My favorite question came from Terry Moran - and whoever named him bought the wrong vowel.
“Thank you, sir. May I follow up on Jim Angle's question. In the past several weeks your policy on Iraq has generated opposition from the governments of France, Russia, China, Germany, Turkey, the Arab League and many other countries, NATO and the U.N., and drawn millions of ordinary citizens around the world into the streets in anti-war protests. May I ask, what went wrong that so many governments and peoples around the world now not only disagree with you very strongly but see the U.S. under your leadership as an arrogant power? “
“Oh, many things went wrong, Terry. We failed to understand the extent to which the French are economically entwined with Iraq, and how this war would make their knees vibrate like orgasmic hummingbirds. While we realized the power of Anti-Americanism as a cudgel with which to beat the rest of Europe into accepting a Franco-German hegemony, we didn’t think they’d screw us this hard for short-term political gain. We misunderestimated Turkish protestations of support - although, as you no doubt noted from my earlier comments supporting their EU membership and lauding their role in NATO, we’re certainly not going to kick them in the nads in public like some of our allies have done to us. And while I agree that ordinary citizens have protested our government in foreign capitals, I’d ask you why American security should be determined by 26 year old Belgian college students, and I’d also note that these rallies have been organized by people who’d dance in the street if someone set off a tactical nuclear device in the lobby of the Monsanto corporate office. But more to the point, Terry, I’d ask: What went wrong in your education that you believe that the disapproval of China constitutes failure?”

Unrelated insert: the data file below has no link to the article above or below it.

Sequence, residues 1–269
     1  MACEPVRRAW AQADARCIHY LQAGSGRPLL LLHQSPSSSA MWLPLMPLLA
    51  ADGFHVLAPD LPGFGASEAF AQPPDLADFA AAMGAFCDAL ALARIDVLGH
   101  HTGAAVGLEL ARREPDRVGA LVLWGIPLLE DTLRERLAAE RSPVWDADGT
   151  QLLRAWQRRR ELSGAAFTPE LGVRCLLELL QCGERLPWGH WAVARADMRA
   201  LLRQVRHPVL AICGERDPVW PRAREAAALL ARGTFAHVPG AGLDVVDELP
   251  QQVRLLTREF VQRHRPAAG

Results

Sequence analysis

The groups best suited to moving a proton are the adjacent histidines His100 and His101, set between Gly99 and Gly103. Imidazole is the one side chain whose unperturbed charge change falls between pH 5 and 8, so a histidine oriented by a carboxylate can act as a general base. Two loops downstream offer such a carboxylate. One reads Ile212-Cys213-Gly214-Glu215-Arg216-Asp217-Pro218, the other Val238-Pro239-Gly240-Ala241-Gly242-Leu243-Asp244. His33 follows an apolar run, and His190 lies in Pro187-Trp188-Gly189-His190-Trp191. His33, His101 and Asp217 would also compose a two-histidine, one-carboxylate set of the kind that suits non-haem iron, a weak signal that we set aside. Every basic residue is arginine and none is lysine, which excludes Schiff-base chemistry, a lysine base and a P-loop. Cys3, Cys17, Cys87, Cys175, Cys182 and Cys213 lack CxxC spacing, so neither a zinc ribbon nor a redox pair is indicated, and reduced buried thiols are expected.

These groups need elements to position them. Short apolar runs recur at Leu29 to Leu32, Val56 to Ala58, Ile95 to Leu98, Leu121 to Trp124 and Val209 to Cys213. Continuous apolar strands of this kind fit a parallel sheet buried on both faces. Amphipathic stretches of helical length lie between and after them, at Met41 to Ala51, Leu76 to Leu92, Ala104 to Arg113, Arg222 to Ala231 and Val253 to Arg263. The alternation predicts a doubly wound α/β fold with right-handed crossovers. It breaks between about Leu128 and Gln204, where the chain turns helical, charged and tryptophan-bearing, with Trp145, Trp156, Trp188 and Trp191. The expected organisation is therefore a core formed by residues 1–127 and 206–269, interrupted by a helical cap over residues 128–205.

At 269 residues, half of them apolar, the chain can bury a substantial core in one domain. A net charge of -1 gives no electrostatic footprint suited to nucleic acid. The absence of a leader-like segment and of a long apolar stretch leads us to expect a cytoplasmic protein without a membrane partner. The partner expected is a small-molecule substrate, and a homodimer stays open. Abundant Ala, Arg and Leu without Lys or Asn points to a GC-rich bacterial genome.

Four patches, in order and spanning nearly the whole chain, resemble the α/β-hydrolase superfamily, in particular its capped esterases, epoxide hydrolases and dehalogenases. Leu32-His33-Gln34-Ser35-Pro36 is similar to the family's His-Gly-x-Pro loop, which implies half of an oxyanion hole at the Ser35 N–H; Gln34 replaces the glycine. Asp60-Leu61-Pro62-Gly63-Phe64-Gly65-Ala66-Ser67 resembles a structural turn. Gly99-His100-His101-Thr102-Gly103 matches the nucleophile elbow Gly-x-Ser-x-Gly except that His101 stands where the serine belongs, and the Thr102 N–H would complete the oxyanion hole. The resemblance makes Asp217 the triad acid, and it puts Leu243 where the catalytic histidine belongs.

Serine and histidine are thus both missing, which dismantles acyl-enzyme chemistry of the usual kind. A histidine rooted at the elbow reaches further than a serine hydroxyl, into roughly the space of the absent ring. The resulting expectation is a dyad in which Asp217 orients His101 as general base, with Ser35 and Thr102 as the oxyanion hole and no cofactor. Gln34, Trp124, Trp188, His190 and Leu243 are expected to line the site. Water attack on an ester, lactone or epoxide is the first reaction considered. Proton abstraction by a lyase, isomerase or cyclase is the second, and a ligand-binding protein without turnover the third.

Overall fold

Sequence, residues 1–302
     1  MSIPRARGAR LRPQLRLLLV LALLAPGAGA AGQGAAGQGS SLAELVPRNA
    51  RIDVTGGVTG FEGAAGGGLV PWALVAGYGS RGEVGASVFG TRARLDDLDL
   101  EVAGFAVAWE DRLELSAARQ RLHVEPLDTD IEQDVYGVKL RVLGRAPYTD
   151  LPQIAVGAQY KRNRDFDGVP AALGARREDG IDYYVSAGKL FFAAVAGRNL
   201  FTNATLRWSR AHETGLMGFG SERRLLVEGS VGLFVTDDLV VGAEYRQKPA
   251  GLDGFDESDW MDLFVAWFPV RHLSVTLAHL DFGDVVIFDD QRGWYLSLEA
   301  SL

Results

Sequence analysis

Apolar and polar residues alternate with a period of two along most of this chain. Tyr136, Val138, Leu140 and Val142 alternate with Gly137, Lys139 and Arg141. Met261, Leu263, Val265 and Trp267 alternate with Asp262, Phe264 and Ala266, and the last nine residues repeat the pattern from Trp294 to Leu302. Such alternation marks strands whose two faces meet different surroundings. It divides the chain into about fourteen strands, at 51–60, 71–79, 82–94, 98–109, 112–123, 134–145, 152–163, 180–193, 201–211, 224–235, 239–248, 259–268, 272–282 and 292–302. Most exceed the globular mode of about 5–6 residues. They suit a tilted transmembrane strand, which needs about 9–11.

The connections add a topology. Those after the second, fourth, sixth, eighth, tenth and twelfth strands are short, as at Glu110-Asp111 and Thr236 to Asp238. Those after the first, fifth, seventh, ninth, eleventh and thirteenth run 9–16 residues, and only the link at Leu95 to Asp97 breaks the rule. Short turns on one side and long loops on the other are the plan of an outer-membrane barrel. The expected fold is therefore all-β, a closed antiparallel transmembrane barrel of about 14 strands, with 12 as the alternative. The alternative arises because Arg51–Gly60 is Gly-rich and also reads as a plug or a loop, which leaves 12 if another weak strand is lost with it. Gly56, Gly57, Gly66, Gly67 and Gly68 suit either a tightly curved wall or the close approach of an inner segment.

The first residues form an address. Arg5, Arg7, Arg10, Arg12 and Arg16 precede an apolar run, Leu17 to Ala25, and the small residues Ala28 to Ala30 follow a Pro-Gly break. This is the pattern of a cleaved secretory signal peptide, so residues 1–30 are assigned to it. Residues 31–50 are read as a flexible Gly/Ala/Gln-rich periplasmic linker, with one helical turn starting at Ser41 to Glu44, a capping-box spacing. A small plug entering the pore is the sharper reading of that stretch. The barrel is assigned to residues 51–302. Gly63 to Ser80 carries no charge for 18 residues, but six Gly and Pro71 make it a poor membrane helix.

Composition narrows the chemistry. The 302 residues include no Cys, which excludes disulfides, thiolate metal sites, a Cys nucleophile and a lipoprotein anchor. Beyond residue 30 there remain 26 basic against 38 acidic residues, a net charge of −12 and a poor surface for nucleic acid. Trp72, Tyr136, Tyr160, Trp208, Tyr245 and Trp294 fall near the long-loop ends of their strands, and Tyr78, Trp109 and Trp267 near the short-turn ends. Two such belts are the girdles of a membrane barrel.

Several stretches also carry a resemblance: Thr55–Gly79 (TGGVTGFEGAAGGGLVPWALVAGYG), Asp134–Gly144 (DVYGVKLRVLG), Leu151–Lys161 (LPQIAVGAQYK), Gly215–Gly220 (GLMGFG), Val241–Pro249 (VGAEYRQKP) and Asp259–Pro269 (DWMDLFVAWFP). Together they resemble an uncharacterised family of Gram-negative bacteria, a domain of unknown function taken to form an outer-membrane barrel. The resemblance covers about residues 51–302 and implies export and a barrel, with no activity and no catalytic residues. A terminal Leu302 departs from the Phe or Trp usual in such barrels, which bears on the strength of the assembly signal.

Stirring rhetoric would have been nice, but stirring rhetoric frightens the Europeans, much as the sound of a newfangled motorcar makes the horses nervous.
What went wrong in your education, indeed.